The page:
Sunday, March 7, 2010
John Monahan (pictured) and Laurens Walker (both of University of Virginia School of Law) have posted Twenty-Five Years of Social Science in Law (Law and Human Behavior, Forthcoming). While the piece addresses a range of legal issues, several criminal law and procedure topics are among those addressed. Here is the abstract:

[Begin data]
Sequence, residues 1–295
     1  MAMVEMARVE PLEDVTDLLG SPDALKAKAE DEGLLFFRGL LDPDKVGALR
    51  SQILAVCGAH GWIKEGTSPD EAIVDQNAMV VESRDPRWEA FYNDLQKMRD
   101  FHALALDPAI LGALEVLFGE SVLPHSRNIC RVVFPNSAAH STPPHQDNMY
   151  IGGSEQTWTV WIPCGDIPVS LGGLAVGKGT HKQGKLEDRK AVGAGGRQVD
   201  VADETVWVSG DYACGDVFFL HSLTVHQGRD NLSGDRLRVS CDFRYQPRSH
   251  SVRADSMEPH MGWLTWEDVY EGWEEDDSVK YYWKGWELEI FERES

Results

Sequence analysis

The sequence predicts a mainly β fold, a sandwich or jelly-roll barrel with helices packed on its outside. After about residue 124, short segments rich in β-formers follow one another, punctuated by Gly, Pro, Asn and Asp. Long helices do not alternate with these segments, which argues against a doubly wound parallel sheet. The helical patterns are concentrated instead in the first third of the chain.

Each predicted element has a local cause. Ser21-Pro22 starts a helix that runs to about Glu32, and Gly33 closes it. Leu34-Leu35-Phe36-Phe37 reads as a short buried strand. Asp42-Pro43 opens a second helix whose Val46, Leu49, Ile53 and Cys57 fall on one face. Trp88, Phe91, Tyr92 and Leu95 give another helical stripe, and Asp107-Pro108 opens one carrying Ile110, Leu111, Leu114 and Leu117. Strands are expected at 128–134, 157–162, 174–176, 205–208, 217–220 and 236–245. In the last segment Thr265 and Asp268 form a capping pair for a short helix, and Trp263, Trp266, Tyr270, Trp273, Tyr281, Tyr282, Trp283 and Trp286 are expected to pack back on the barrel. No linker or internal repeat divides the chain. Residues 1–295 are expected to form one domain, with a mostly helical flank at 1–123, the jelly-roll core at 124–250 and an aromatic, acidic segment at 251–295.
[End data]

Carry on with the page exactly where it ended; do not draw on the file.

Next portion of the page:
In this Essay, we take the publication of the seventh edition of the casebook Social Science in Law (2010) as an opportunity to reflect on continuities and changes that have occurred in the application of social science research to American law over the past quarter-century. We structure these reflections by comparing and contrasting the original edition of the book with the current one. When the first edition appeared, courts’ reliance on social science was often confused and always contested. Now, courts’ reliance on social science is so common as to be unremarkable. What has changed - sometimes radically - are the substantive legal questions on which social science has been brought to bear.